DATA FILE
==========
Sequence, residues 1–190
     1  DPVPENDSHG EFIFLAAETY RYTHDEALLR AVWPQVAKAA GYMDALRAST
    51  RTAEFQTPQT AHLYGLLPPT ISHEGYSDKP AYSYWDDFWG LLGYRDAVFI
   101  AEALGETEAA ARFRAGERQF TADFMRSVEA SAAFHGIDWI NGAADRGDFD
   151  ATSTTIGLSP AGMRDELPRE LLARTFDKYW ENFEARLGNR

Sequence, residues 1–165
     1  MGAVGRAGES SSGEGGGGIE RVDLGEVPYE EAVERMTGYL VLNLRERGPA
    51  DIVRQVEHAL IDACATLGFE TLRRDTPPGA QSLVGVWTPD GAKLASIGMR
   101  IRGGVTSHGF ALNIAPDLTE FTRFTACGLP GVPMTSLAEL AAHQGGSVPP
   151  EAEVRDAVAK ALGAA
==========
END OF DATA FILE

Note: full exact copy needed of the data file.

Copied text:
Sequence, residues 1–190
     1  DPVPENDSHG EFIFLAAETY RYTHDEALLR AVWPQVAKAA GYMDALRAST
    51  RTAEFQTPQT AHLYGLLPPT ISHEGYSDKP AYSYWDDFWG LLGYRDAVFI
   101  AEALGETEAA ARFRAGERQF TADFMRSVEA SAAFHGIDWI NGAADRGDFD
   151  ATSTTIGLSP AGMRDELPRE LLARTFDKYW ENFEARLGNR

Sequence, residues 1–165
     1  MGAVGRAGES SSGEGGGGIE RVDLGEVPYE EAVERMTGYL VLNLRERGPA
    51  DIVRQVEHAL IDACATLGFE TLRRDTPPGA QSLVGVWTPD GAKLASIGMR
   101  IRGGVTSHGF ALNIAPDLTE FTRFTACGLP GVPMTSLAEL AAHQGGSVPP
   151  EAEVRDAVAK ALGAA